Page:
JULIET: O why, Romeo? Why not me! Oh, woe is me!
JULIET tosses her robes on the ground and throws herself at her bed, sobbing for ROMEO and holding on to his necklace tightly.
JULIET: O, Romeo. Why did thou raise that vile of liquid death to thy lips, allowing breath to no longer pass through? 'Twas you who escaped without such a burden, leaving me alone to suffer in solitude. Why do you reap the pleasures of Heaven and leave me here in such lamentation on Earth? O, lamentable day! What's in a word? A word such as Earth? 'Tis more like a prison cell, in which I must wallow, tied down and unable to spread my wings and meet you in Heaven. Or perhaps this is that of an exile, where my soul doth now reside as punishment for my sins. But yet, aware of how I hath sinned, I am not. Could it be falling into passionate love that the Lord views as sin? For if it is, all should be punished! If exchanging my vows with Romeo was indeed my sin, I would sin again and again, fearing nothing. For all thy knows, it could be disobeying thy parents! I wish not to think of this for a moment more! O' Friar Laurence, good kind Friar. Why did you bring me here? I acknowledge that I hath agreed to this fate, but rather as a second option. Had I been allowed my first choice, I would be lying next to my beloved, lips cold and pulse frozen in bereavement. How I would take the pain of a thousand knives in thy bosom o'er the life I now live in chastity. Death would be a kind, kind alternative to this life I lead, drowning slowly day by day and night by night instead of just being done with it! O when will this bitter nightmare meet it's demise?
Enter, ROSALINE, ROMEO'S first love outfitted in robes. She had been taking refuge in the shadows but at the mention of ROMEO, someone she knew and a name she recognized, she tracked the sound to discover who is sobbing over him. ROSALINE stands in the doorway and looks in on JULIET who is at least a year younger than she is. Juliet turns to pull herself together and venture to morning prayer when she looks up, spots ROSALINE and screams.
JULIET: Who art thou? And why do you listen in on my private council?
ROSALINE: I am Rosaline. 'Tis a pleasure to meet you.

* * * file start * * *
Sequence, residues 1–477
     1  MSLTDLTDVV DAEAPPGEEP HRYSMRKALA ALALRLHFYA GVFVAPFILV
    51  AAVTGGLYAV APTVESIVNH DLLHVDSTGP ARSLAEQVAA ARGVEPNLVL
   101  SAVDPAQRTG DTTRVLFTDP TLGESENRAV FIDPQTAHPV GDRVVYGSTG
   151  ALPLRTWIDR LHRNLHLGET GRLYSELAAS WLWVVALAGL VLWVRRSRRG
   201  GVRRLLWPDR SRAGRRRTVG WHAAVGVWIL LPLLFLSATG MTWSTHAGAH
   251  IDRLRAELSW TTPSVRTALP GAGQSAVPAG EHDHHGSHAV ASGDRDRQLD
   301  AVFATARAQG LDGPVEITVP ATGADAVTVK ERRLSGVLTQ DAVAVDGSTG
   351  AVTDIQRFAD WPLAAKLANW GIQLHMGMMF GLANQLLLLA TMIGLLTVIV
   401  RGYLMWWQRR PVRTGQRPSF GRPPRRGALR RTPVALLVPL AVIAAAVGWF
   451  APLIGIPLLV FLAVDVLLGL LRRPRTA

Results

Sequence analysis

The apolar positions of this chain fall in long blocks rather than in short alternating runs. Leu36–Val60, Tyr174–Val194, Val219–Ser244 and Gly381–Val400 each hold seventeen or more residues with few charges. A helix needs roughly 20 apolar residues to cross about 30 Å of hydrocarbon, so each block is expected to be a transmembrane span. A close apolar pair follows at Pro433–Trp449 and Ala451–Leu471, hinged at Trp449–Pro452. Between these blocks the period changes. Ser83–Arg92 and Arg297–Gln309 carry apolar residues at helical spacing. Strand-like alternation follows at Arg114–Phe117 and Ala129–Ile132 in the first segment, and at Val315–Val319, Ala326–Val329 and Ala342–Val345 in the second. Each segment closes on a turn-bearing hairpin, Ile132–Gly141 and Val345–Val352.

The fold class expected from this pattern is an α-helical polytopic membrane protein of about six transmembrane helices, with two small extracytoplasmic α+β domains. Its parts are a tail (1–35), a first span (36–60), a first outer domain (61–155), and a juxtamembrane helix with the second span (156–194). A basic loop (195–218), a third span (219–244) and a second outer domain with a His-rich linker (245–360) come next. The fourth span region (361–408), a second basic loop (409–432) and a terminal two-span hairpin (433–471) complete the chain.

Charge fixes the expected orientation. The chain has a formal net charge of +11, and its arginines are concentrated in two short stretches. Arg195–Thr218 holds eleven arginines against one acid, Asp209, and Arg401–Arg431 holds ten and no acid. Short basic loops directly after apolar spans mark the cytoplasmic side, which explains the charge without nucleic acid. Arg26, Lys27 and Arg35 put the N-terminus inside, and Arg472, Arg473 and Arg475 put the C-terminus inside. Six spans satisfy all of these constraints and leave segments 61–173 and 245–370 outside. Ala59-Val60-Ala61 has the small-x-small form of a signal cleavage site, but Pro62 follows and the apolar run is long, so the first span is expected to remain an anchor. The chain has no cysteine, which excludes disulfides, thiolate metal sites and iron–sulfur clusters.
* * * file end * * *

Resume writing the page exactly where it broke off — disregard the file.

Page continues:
JULIET: Thou is yet to answer my other query.
ROSALINE: Doth thou speak of Romeo? Romeo Montague? Knew him well, did you not?
JULIET: [sighs] Knew and loved.
ROSALINE: Loved, did you say? You speak of love?
JULIET: That I do. In love, was I, with him at my side and I, his wife. Separated by mutiny, united by love. Our tale art brimming with tragedy.
ROSALINE: How it must feel to be in love. You must tell me, for, I know not of this love you speak of. You see, Romeo claimed to love me, but I only loved one, the Lord. My one love, the church. Love for one single person was never in my destiny.
JULIET: My sins have changed the stars, rearranging my destiny. But a sunset ago I was a happy bride. How blissfully unaware, I was.
ROSALINE: [sits on JULIET's bed.] Won't thou share with me thy story?
JULIET: Perhaps I shall later. Morning prayer beckons you forward.
ROSALINE: 'Tis true. I wish no disrespect to the Heavens. Aren't thou coming?
JULIET: You run along. I shan't attend prayer this morn. I need rest and must be left alone. Give my apologies to Mother Gwendolyn.
ROSALINE: Of course.
She walks timidly up to JULIET and hugs her swiftly before rushing away. JULIET closes the door behind ROSALINE and walks over to her desk. From a drawer she pulls a quill, fresh parchment and an ink pot. She sits and begins to write a letter.
Act V, Scene 5
Verona. The Same. A monastery; JULIET's cell.
ROSALINE knocks on JULIET's door. There is no answer. She opens it and walks into JULIET's room. She is not there.
ROSALINE: Juliet! Ho, Juliet! (whispers) Parchment? And wet ink, what? A letter.